My Dempsey ancestors in Civil War Baltimore

Last of three posts on my Dempsey ancestors in Civil War Baltimore.

During the U.S. Civil War, Baltimore, Maryland — home of my Irish immigrant great, great grandparents Katherine and William Patrick Dempsey and their family — experienced great political and social ferment.

http://commons.wikimedia.org/wiki/File:Baltimore_Riot_1861.jpg#file
Massachusetts Militia passing through Baltimore. The city where my Dempsey ancestors lived was placed under federal martial law in 1861 after a pro-slavery mob attacked Massachusetts Militia members en route to federal service in Washington, D.C. Image: Wikipedia

At the start of the war, in 1861, Baltimore City was placed under federal martial law after a pro-slavery mob attacked the Massachusetts Militia as it passed through the city en route to federal service in Washington, D.C.

Known as the Pratt Street Riot, the confrontation resulted in the first bloodshed of the U.S. Civil War and led to the placement of Union soldiers all around Baltimore City — in hospitals, camps, and barracks — where they helped keep belligerent Southern sympathizers at bay.

Meanwhile — like my Dempsey ancestors before them — new waves of immigrants were arriving in the city to seek a better life. Free and formerly-enslaved African Americans were joining the newly-formed U.S. Colored Troops and heading to the front.

And in late 1864, Unionists in the Maryland legislature succeeded in passing a state constitution that abolished slavery — which was followed on 3 Feb. 1865 by Maryland’s ratification of the 13th Amendment to the U.S. Constitution.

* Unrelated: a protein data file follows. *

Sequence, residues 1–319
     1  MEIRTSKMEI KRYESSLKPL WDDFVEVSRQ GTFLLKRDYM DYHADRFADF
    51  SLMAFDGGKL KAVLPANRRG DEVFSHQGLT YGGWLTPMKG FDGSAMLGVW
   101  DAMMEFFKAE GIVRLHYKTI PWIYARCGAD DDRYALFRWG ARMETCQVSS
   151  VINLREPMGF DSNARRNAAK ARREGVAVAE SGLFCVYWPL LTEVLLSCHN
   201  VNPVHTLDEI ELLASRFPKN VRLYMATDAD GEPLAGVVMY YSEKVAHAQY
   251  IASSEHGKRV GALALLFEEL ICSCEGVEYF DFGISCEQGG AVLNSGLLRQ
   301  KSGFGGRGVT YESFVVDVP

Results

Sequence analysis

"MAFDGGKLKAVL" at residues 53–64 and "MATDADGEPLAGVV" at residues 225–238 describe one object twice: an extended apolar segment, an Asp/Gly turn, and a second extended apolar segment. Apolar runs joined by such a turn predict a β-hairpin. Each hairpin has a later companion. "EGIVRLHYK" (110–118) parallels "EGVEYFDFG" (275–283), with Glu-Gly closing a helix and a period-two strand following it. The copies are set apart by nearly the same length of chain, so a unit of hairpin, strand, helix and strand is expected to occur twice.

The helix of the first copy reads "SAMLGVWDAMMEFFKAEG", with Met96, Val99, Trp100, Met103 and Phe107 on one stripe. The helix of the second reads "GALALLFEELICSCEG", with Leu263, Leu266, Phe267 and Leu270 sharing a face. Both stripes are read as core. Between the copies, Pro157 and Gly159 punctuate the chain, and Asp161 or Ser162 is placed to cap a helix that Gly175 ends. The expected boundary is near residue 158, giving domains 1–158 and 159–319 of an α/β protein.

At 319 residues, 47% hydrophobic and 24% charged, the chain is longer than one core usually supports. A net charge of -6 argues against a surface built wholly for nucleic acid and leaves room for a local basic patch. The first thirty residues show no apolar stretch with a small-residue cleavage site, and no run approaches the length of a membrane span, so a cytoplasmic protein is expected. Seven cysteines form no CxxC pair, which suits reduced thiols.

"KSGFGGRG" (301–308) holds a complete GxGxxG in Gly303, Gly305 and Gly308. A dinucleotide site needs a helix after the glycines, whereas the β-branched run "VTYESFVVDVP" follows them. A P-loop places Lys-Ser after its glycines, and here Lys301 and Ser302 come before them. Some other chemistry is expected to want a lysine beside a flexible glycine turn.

It was into this cauldron of rapid social change 150 years ago that my great grandmother Elizabeth and her twin sister Maggie were born to the Dempsey family on 28 Feb. 1865 — early arrivals in the first generation that would grow up after the U.S. Civil War.

Two generations would pass before a descendant of my Irish ancestors Katherine and William Patrick Dempsey (my paternal grandmother Mary Frances “Molly” Owen) would marry a descendant of my Union Army ancestor Arthur Bull and his wife  Mary (my paternal grandfather William Ray Charboneau).

How fascinating to discover that, before they were joined, these two branches of my family had a separate yet parallel experience of living through a defining period in U.S. history.

More on both families in future posts. For now, we return to my ancestor Union Pvt. Arthur Bull on duty at Bermuda Hundred, Va.

© 2015 Molly Charboneau. All rights reserved.

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One thought on “My Dempsey ancestors in Civil War Baltimore”

  1. Such interesting facts about your ancestors. It is amazing that you can reconstruct your lineage to such detail.
    Thanks for sharing.

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